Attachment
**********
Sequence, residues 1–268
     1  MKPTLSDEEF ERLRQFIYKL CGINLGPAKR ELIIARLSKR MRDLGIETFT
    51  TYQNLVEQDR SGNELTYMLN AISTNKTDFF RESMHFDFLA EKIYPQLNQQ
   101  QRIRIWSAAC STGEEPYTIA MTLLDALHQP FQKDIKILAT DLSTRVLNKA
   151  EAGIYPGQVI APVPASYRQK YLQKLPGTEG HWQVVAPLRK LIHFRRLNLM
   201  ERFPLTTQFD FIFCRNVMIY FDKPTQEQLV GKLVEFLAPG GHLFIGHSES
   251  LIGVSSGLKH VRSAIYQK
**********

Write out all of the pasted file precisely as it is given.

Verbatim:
Sequence, residues 1–268
     1  MKPTLSDEEF ERLRQFIYKL CGINLGPAKR ELIIARLSKR MRDLGIETFT
    51  TYQNLVEQDR SGNELTYMLN AISTNKTDFF RESMHFDFLA EKIYPQLNQQ
   101  QRIRIWSAAC STGEEPYTIA MTLLDALHQP FQKDIKILAT DLSTRVLNKA
   151  EAGIYPGQVI APVPASYRQK YLQKLPGTEG HWQVVAPLRK LIHFRRLNLM
   201  ERFPLTTQFD FIFCRNVMIY FDKPTQEQLV GKLVEFLAPG GHLFIGHSES
   251  LIGVSSGLKH VRSAIYQK